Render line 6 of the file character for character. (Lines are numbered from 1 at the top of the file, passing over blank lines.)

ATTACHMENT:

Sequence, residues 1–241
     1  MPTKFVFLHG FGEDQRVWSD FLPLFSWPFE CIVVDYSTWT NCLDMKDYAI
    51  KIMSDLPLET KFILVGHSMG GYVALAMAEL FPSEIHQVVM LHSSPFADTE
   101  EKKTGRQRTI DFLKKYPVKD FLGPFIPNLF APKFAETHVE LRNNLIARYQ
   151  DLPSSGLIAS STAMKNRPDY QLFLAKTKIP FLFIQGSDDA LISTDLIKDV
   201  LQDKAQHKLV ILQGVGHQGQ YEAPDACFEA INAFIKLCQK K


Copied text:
   201  LQDKAQHKLV ILQGVGHQGQ YEAPDACFEA INAFIKLCQK K